pews had been so far modified as to bear some resemblance to the stalls in our cathedrals, with the exception of two snug little parlors, one on each side of the chancel, which were fitted up with all the appointments necessary to make devotion as easy as possible. One of these belonged, as I found on enquiry, to the vicar; the other to the lay patron of the parish. The roof which had, until lately, been hidden by a false ceiling, was now laid open; and the cherubim blowing hurricanes ugh absentee-trumpets, intermixed with quaint corbels, and lions making pantomimic faces, were again exposed to view in all the glory of mediæval art. The altar was covered with a splendid cloth, and suitably “dressed,” for the occasion. From the centre, rose a large gilt cross, with lighted candles on each side, and two immense nosegays just in front of them. The flowers composing these, with the exception of what appeared from the distance at which I viewed them, to be a cluster of snow-berries in the centre, were all of blood-red hue-principally dahlias, though I was informed they would have been peonies, had the season of the year allowed it. These were symbolic of martyrdom, and implied that St. Denys, whose festival they graced, had thus sealed his testimony to the truth. The white buttons, I was since told, were a small species of mushroom sacred to the

same saint, and known to botanists by the name of Agaricus lactifluus, or milk-white Agaric.

Having completed my survey of the place, and the congregation beginning to assemble, I retired to a small recessed seat, formed by the projection of the organ gallery over the west entrance of the church, which I found on looking up, was ornamented with a profusion of oak carving surrounding a very good copy of a Madonna and child. The church was entered, as I have remarked, from under this organ loft, and as the congregation from the time of their entrance, kept their faces towards the altar at the opposite end, I had an admirable opportunity of seeing every thing without being seen myself.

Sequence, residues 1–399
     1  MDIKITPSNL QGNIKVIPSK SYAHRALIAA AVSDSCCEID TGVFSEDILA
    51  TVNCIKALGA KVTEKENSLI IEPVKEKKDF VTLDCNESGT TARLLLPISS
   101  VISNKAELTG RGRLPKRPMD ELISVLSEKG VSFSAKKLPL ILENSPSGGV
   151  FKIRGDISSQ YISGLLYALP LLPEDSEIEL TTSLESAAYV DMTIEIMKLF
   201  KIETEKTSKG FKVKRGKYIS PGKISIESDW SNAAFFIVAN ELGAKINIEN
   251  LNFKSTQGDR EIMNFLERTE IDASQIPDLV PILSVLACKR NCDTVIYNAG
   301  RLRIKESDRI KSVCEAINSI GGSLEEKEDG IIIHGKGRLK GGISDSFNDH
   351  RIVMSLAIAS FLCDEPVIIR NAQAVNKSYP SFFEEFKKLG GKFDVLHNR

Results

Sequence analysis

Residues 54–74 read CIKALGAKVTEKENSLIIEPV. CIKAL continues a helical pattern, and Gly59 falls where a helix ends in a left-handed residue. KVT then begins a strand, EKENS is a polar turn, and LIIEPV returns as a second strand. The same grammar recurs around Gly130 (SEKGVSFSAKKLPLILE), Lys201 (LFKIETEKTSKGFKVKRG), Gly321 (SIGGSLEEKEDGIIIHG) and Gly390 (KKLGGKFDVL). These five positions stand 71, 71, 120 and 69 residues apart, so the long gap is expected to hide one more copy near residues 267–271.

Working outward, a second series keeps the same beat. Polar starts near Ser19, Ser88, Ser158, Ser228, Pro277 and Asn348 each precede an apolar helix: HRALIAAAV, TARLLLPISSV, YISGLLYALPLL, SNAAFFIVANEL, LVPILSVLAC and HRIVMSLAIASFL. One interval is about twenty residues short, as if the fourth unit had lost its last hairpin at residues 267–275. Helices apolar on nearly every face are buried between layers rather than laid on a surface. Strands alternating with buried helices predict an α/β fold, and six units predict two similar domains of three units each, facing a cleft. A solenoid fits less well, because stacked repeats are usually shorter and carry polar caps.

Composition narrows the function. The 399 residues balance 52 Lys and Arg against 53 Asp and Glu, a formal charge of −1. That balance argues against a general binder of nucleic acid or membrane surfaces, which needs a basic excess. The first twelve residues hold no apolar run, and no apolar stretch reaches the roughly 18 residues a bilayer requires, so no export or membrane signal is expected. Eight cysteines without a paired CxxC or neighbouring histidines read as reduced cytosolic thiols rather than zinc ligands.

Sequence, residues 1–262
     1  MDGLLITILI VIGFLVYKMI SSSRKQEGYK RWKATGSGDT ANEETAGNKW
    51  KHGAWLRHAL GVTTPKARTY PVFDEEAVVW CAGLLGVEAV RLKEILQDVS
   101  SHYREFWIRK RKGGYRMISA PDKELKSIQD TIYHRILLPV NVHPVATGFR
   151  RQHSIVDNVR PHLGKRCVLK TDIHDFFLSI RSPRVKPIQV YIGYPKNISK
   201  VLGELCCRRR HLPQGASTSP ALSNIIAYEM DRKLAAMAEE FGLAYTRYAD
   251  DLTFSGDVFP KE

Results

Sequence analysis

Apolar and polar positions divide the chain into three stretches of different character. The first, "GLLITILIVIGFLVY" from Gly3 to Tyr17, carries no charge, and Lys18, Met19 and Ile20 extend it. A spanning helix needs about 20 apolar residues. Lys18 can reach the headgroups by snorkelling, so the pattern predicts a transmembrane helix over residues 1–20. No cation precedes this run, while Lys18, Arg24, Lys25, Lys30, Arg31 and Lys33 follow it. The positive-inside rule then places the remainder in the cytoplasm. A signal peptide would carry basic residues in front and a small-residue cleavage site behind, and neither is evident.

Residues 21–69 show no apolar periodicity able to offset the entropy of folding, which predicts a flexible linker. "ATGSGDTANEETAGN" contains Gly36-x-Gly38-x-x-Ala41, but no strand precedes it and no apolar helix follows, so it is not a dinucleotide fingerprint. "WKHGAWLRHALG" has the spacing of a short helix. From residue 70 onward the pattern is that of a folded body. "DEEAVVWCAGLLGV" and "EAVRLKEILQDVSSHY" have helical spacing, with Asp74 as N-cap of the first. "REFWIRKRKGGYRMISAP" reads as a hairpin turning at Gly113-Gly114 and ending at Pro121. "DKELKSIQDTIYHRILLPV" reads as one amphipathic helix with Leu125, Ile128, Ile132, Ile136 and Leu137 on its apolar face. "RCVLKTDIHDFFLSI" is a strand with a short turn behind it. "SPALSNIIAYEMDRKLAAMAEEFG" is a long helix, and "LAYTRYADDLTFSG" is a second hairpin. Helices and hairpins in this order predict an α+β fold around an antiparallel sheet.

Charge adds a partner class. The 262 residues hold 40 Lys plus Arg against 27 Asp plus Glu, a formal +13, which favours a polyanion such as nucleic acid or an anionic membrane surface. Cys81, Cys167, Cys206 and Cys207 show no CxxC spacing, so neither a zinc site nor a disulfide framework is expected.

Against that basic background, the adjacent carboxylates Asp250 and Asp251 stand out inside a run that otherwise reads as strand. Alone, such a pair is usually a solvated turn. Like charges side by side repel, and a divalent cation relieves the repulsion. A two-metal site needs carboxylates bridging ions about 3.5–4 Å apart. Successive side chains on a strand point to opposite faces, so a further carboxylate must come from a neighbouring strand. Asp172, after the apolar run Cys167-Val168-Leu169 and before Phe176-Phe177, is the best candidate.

The two first who entered the church after I had taken up my position scarcely deserve special mention. They were farmers, characteristically habited in black coats and waistcoats, drab shorts, and top boots. One of them wore a broad-brimmed hat, and had a tough cough that called forth so distinct an echo from the old roof, that you looked up instinctively to see whom it came from. Then followed a fashionably dressed lady of about thirty, leading a girl of eight or ten years old dressed like an opera figurante; and immediately behind, a somewhat younger lady acting apparently as cicerone to a fine manly fellow of about five and twenty, who seemed little moved by her attentions, but walked on abstractedly, looking carelessly about him. The first couple I recognized as the wife and daughter of the incumbent, and as the others followed into their seat, I at first conjectured they were some relations of the family. The lady, indeed, had all the insinuating sleekness of Mr. Glosenfane, and was in other respects so like him, that I had no doubt she was a younger sister. But who was that frank, hearty, happy, and yet deeplythoughtful friend who accompanied her. As he looked leisurely round on the paraphernalia of the place, greatly to the discomfiture of the young lady who seemed kindly solicitous of inducting him into all the proprieties of Puseyism, there was an expression of something like contempt upon his fine countenance, which soon, however, broke up, and rolled off, like an April shower merging into sunshine.

My attention was called away from the contemplation of this interesting group by a sharp, querulous voice outside the porch,